Whether you come to Ameland for MadNes, the sustainable skate, surf and music festival, the Kunstmaand (Art month) or just for a weekend getaway, Ameland never disappoints. With four villages and two spectacular nature reserves, it is the perfect island no matter what the season. And if you want to know what the Netherlands will be like after the energy transition, then come to Ameland for a sneak preview. The island is at the forefront of the Wadden islands’ ambition to provide all of their own water and electricity.
Forests, dunes and marshes, Ameland serves up a buffet of nature. And that includes its flora and fauna. You may even catch a glimpse of a deer. A century ago one brave buck crossed over from the mainland. The islanders decided to bring a doe to the island and then nature took its course.
Ameland has been both larger and smaller than it is now; shorter but much wider toward the south. The sea gives and takes. The northern side of the island, for example, is fed with sand from the North Sea, which is how the ‘Green beach’, where you can see many birds foraging, was formed.More about the world heritage site
’t Oerd is just as rugged as it sounds. It’s a nature reserve with an open connection to the sea. You won't find soft cushy nature here but it is unbelievably beautiful and compelling. You’ll feel at one with the elements.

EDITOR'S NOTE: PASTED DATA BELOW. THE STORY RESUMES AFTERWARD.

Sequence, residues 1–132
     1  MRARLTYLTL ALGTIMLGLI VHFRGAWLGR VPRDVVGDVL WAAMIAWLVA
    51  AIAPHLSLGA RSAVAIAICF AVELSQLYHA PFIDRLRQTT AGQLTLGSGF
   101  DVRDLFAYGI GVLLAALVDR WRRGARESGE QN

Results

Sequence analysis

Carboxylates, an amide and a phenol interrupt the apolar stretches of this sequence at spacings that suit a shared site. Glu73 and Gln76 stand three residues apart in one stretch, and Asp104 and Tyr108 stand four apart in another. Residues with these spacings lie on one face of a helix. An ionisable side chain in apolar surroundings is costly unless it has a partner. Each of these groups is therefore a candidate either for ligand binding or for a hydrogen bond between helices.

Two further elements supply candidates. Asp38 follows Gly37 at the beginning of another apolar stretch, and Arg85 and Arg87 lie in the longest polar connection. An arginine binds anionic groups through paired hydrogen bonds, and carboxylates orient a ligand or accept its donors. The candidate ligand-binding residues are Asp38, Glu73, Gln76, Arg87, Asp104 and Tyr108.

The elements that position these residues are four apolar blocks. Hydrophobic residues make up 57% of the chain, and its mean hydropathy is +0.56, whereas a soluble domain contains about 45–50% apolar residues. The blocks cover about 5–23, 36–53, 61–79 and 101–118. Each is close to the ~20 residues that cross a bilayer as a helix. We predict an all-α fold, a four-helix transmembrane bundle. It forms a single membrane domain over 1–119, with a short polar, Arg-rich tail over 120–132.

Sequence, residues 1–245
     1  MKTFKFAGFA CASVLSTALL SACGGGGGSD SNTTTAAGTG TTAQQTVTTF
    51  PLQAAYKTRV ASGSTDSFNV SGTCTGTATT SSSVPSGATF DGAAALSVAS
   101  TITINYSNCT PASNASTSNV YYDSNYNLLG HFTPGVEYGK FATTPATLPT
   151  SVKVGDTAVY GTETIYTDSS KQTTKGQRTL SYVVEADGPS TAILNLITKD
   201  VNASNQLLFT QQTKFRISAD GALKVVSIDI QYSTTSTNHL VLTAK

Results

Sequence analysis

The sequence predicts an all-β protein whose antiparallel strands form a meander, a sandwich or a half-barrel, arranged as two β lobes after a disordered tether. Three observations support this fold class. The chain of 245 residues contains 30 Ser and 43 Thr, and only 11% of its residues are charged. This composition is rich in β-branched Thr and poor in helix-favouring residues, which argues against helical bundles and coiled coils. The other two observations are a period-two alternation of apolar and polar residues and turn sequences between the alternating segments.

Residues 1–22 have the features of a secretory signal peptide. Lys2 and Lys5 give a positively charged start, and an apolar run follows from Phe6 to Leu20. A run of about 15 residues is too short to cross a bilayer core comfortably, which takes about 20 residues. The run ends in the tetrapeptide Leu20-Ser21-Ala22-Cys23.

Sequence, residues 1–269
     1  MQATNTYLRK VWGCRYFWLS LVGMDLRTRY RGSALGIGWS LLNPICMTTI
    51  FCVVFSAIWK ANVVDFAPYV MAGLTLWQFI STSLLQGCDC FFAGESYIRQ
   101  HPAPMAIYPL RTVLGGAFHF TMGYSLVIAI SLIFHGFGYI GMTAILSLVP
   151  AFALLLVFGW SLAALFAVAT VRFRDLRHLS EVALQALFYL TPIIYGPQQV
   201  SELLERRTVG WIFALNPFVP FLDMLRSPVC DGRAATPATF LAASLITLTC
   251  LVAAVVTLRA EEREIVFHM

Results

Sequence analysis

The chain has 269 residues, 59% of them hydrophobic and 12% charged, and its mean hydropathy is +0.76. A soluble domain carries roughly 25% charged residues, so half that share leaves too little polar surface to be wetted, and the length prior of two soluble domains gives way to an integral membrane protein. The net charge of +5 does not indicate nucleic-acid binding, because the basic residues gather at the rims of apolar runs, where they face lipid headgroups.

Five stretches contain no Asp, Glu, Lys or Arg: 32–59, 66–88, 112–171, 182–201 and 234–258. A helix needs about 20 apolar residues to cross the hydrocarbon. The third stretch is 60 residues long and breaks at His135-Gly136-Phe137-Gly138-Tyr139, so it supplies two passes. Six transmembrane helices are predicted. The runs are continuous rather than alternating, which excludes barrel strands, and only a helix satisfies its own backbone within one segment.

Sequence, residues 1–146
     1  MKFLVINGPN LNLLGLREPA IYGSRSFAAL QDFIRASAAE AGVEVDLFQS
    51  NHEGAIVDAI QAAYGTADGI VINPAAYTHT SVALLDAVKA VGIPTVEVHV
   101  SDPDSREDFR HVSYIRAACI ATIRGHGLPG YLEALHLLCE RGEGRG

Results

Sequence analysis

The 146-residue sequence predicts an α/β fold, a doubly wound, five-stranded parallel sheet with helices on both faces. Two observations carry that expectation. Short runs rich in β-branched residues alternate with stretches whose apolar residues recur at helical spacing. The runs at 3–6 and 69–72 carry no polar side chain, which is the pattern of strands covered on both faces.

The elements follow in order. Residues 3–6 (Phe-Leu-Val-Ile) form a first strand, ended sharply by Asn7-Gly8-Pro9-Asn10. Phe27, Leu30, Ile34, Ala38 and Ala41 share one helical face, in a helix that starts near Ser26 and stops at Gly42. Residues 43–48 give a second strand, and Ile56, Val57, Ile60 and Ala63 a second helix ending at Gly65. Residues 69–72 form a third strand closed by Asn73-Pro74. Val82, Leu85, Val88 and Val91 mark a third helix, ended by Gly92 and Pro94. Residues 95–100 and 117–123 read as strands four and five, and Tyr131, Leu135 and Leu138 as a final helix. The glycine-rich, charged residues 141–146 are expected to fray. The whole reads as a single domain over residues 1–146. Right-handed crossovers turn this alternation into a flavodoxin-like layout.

The relationship between Amelanders and the sea has always been rather stormy. People have been living on the island since the 8th century. But it was far from a safe existence. The sea crashed in, sweeping away large portions of land and entire villages. Around 1800 there were only about three villages still remaining. The islanders connected these vilages with a dike and land began to form again on the south side of the island. This in turn created the polders, the very first thing you’ll see as your boat arrives.More about the water heritage
Ameland lost various villages and hamlets to wind and sea. Read some of the stories about these lost villages in the Nature Centre in Nes and the Cultural and Historical Museum Sorgdrager in Hollum.
When the Wad is dry and the sandbars and mudflats are visible you can walk from Holwerd to Ameland.
‘t Oerd is on the route of many waders such as the oystercatcher, grey polver, ringed plover and dunlin. A trip to Ameland during migration season is a sight to behold.
In your very own ecocar in the peace and quiet of nature. Rent an ecocar and go on an eco-safari.
In 1704 Johan Willem Friso Nassau-Oranje's mother gave him the island of Ameland as a gift. Visit the duck decoy she had built.